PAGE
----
Two-time Match Play winner Geoff Ogilvy resides in Scottsdale and is Australian. A cut finger earlier this year has not hindered his game. DEAN KNUTH / ARIZONA DAILY STAR

Geoff Ogilvy was surely disappointed with his bogey on the 17th hole Thursday, resulting in a trip to the final hole all square with his opponent Thomas Bjorn.

Disappointed, but not worried.

When you've had as much match play success as Ogilvy, perhaps you just expect to win - even when things aren't going your way.

"It's not the first time I've gone to 18 all square in this tournament," Ogilvy said after parring and watching Bjorn miss his 6-foot par putt on 18 to end the match. "Through some luck - like there - a couple of times, and through good things that I've done, it's worked out for me multiple times."

Indeed, it seems to work out for Ogilvy, 33, more often than not. Playing in his sixth Match Play, he's been in the final three times, and won twice - 2006 and 2009.

Even scarier for Ogilvy's remaining opponents, the Australian has never made it past the second round, which he did Thursday, and finished short of the final.

And, he said, there's a reason for it.

"I've often played better in the end of this tournament then I did at the start, especially the year I beat (Paul Casey) here," Ogilvy said of his 2009 victory. "The first couple rounds were a bit scrappy and I was playing the best golf I've ever played by the end.

"It's definitely a long tournament where you can find form and find your match-play head, so hopefully that happens again."

Ernie's gone, too?

With Tiger Woods eliminated by Bjorn in Wednesday's first round, and Phil Mickelson falling to 22-year-old Rickie Fowler earlier on Thursday, a Tiger or Phil-sized crowd gathered around the 18th as Ernie Els approached.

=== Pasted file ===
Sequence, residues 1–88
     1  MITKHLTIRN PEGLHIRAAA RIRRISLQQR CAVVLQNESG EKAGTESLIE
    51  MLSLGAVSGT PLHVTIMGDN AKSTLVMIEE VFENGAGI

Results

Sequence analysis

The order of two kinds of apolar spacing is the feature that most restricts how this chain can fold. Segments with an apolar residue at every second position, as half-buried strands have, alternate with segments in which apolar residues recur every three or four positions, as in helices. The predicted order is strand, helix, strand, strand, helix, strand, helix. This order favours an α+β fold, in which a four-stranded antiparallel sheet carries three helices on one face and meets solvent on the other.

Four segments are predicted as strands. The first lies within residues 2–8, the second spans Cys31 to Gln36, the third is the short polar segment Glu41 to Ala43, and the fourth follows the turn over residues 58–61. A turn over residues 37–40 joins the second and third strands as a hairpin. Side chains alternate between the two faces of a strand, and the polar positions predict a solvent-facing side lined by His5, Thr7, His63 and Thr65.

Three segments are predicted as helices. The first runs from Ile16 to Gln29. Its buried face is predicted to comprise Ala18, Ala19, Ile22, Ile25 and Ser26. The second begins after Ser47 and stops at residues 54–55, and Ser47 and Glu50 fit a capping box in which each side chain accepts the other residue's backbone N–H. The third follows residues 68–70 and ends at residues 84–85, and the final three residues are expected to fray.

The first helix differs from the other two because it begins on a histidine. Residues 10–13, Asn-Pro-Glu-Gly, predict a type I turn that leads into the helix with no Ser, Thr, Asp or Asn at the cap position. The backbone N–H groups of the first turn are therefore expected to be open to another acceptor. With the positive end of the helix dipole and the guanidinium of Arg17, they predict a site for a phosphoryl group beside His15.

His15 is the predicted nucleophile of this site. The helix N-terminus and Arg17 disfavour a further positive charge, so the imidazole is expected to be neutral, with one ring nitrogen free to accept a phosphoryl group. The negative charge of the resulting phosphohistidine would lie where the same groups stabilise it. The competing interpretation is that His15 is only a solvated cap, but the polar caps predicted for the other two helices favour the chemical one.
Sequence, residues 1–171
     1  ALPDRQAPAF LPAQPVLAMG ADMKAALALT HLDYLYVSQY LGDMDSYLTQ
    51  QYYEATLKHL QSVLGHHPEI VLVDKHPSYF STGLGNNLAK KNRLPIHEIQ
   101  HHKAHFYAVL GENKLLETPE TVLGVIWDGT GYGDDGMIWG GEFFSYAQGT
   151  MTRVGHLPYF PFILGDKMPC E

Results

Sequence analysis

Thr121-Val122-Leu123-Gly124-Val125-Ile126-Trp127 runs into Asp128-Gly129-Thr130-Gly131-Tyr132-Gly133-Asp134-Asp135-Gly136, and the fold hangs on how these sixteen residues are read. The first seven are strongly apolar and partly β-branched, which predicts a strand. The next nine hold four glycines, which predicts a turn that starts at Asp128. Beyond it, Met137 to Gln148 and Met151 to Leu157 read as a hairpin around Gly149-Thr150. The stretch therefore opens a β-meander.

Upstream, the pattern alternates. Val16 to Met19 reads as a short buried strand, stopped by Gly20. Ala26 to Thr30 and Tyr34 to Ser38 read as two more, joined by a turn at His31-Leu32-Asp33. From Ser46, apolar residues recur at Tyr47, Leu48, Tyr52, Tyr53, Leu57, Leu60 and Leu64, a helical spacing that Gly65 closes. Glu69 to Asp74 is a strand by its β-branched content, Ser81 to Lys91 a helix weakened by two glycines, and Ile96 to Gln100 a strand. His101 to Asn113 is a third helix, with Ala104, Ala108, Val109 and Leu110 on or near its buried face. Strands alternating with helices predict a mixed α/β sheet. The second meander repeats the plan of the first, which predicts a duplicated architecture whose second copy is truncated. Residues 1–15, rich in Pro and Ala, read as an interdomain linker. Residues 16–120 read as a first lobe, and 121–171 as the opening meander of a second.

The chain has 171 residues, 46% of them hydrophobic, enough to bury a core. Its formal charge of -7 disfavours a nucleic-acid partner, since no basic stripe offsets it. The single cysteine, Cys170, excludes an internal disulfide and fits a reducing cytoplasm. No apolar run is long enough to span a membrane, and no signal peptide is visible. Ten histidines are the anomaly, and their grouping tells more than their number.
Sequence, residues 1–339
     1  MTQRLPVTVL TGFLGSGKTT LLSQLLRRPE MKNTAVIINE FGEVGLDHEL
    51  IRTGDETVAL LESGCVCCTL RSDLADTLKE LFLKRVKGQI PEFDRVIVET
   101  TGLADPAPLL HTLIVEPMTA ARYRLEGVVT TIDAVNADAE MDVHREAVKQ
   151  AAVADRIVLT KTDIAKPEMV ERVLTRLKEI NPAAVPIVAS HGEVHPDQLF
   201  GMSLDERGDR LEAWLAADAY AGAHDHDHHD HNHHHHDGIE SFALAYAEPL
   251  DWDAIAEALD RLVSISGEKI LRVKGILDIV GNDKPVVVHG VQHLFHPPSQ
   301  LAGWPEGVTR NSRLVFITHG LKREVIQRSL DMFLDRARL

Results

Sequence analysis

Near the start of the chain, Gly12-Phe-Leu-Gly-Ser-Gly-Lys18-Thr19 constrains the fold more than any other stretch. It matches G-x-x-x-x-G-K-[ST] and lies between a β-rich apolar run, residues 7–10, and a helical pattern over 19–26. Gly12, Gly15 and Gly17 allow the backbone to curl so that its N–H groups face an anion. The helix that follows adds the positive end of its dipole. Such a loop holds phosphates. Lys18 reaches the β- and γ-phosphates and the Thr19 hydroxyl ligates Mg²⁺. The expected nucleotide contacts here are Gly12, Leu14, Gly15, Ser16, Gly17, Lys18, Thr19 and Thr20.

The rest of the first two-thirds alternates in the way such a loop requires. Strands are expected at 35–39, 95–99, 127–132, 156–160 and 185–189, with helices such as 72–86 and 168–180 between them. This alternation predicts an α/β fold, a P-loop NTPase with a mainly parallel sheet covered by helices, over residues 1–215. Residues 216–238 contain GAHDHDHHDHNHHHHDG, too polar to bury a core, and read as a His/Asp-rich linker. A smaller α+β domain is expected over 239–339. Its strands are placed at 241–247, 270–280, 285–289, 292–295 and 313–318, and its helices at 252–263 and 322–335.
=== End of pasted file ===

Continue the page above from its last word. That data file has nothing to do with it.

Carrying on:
Fans not only surrounded the green itself, but lined the approaching fairway, on both sides, for a good 100 yards.

With the two biggest names of the last decade gone, it seemed as though Els was the next big star in line to follow.

"Sometimes you like to be able to root for or against the people that you've known all these years," said 68-year-old George Richards, visiting the tournament from Danville, Ill.

"As someone who watches golf, I always like to see some of the older players hang in there."

The 41-year-old Els, who was 1 down coming into the final hole, had his 31-foot birdie putt lip out, and 28-year-old J.B. Holmes beat him to advance to the Round of 16.

"I'm 20 percent with my putter," Els said.

"So, that's what I've got to work on. It was good coming out and just getting through yesterday."

Baby on the tee

Golf balls weren't the only things lying in the grass at The Ritz-Carlton Golf Club Driving Range on Thursday afternoon.

Luke Donald's young daughter - she turns 1 today - giggled as she crawled around in the area where Donald was hitting. Earlier in the day, the 33-year-old Brit advanced to today's third round with a 2-and-1 victory over Italy's Edoardo Molinari.

"We obviously spend a lot of time on the road, and it's nice for them to travel," Donald said of his wife, Diane Antonopoulos, and daughter, Elle.

Donald said Elle doesn't often come onto the range with him, but that Match Play is an exception.

"It's a little bit of a different event," Donald said.

"There are only 16 guys left so it's a quiet range."